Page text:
Ephesians 1:11-23  (New Revised Standard Version)
11 In Christ we have also obtained an inheritance,[a] having been destined according to the purpose of him who accomplishes all things according to his counsel and will, 12 so that we, who were the first to set our hope on Christ, might live for the praise of his glory. 13 In him you also, when you had heard the word of truth, the gospel of your salvation, and had believed in him, were marked with the seal of the promised Holy Spirit; 14 this[b] is the pledge of our inheritance toward redemption as God’s own people, to the praise of his glory.
Paul’s Prayer
15 I have heard of your faith in the Lord Jesus and your love[c] toward all the saints, and for this reason 16 I do not cease to give thanks for you as I remember you in my prayers. 17 I pray that the God of our Lord Jesus Christ, the Father of glory, may give you a spirit of wisdom and revelation as you come to know him, 18 so that, with the eyes of your heart enlightened, you may know what is the hope to which he has called you, what are the riches of his glorious inheritance among the saints, 19 and what is the immeasurable greatness of his power for us who believe, according to the working of his great power. 20 God[d] put this power to work in Christ when he raised him from the dead and seated him at his right hand in the heavenly places, 21 far above all rule and authority and power and dominion, and above every name that is named, not only in this age but also in the age to come. 22 And he has put all things under his feet and has made him the head over all things for the church, 23 which is his body, the fullness of him who fills all in all.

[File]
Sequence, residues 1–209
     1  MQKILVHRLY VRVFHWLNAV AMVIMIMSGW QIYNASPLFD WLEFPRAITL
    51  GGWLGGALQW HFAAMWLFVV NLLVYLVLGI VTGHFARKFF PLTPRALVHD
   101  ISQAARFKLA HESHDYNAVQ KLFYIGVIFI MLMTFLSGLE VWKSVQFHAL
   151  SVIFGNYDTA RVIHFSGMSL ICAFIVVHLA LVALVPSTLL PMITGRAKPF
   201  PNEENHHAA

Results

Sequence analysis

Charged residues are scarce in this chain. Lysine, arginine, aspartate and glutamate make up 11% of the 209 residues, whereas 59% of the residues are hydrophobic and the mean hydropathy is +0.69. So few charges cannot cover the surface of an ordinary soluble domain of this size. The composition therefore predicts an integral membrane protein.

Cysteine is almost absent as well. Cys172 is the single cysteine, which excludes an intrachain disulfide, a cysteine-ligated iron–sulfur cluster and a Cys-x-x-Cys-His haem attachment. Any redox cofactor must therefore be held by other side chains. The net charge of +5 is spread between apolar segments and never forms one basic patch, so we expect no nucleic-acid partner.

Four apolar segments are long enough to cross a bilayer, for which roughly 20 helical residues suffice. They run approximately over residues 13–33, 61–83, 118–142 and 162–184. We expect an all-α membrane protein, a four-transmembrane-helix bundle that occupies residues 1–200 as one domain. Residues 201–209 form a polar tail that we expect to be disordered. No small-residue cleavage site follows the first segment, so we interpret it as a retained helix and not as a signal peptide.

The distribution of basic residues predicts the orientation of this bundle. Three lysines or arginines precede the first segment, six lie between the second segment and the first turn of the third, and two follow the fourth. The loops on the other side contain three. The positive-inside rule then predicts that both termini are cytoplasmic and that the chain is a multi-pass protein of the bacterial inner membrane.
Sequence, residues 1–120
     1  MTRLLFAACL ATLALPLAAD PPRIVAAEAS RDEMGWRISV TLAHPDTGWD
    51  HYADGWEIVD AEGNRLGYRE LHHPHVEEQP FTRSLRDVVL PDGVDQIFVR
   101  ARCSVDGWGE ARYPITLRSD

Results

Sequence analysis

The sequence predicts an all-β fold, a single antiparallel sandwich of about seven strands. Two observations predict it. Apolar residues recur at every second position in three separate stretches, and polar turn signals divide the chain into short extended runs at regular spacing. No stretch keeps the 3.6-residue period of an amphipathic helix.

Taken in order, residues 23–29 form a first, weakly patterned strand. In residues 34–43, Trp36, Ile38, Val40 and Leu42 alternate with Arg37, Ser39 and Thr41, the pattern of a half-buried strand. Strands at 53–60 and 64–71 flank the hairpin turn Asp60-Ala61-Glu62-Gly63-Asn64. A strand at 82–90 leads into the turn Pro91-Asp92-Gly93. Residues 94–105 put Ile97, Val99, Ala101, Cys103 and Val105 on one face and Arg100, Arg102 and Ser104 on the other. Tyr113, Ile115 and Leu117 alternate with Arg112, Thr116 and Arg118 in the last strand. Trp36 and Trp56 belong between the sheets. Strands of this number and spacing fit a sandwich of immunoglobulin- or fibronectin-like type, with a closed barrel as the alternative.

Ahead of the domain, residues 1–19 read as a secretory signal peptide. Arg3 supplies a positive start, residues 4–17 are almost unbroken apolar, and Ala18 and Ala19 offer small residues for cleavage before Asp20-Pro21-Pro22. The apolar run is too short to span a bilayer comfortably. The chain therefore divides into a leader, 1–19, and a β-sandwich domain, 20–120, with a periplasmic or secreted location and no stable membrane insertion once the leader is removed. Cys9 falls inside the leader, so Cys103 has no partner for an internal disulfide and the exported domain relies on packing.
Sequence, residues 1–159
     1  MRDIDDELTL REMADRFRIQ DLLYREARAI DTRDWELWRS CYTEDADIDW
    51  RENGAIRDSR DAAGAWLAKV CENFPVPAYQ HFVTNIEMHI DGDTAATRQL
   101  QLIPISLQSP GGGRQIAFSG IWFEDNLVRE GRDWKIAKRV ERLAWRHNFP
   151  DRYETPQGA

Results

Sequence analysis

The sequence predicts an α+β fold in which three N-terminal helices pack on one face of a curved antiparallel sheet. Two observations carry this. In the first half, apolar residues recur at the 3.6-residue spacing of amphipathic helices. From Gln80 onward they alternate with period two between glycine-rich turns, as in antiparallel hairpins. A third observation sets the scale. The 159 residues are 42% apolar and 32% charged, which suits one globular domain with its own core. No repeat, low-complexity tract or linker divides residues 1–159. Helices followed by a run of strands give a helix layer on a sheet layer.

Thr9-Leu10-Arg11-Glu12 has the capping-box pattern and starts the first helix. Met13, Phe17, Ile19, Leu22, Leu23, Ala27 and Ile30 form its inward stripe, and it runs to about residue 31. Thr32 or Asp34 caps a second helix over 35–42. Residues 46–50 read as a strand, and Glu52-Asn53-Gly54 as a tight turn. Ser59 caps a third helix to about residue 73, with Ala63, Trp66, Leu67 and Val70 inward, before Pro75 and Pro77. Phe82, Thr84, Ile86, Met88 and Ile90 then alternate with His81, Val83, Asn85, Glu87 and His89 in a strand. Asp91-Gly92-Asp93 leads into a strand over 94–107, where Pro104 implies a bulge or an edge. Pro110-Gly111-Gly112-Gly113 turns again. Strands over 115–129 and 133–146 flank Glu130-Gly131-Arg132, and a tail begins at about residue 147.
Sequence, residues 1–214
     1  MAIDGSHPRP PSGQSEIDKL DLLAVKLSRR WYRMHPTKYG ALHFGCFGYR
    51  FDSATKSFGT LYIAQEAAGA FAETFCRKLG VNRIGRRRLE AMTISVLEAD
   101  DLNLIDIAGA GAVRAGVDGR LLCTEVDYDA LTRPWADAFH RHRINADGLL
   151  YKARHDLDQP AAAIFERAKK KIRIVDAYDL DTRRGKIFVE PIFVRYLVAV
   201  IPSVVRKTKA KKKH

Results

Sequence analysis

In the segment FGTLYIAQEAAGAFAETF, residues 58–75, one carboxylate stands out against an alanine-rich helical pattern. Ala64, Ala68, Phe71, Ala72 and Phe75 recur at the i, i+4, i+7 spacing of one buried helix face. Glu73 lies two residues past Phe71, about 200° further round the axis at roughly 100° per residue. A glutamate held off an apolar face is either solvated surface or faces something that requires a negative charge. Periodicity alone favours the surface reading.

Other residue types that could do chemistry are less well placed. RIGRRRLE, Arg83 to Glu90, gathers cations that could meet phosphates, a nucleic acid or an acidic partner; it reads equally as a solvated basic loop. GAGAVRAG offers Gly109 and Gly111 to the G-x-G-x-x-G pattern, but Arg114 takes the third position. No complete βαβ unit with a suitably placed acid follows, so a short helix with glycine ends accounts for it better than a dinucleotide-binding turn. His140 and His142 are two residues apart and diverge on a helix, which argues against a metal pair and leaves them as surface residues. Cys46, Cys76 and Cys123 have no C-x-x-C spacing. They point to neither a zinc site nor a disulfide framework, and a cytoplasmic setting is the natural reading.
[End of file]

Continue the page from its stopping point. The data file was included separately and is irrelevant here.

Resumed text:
Some Thoughts on Today’s Reading—Pastor Pam
Last week, my brother, the family genealogist, sent me a picture of my Norwegian Great Grandmother Anna Grenstad. There she was looking straight at me standing in front of the family home at Port Orchard with the Puget Sound in the background. I am part her, I thought. And she lives in me today. There were times when I fearfully navigated Seattle city streets on my way to seminary, that she gave me courage. I recalled stories of how she crossed the Atlantic with three small children and unable to speak English. Now, that was courage. Anna, I recalled, walked these same city streets back in the day. If she could do it, so could I.
On All Saints Sunday we remember those who have come before us—specifically the people of the church who have taught us and loved us and gone before us in faith. As we light candles in their memory, we give thanks for how they shaped us and formed us into the people of faith we are today.
Ephesians links this faith, and all those who nurtured us then and now, to a faith of the Cosmos with Jesus as its head. 22 “And he has put all things under his feet and has made him the head over all things for the church, 23 which is his body, the fullness of him who fills all in all.” Ephesians 1: 22-23. While we remember the dear ones who have come before, we also remember Jesus who is at the center of all lives and life.
In Christ there is hope that springs up in all kinds of ways including the gifts of our ancestors.
Peace and Grace,
Pastor Pam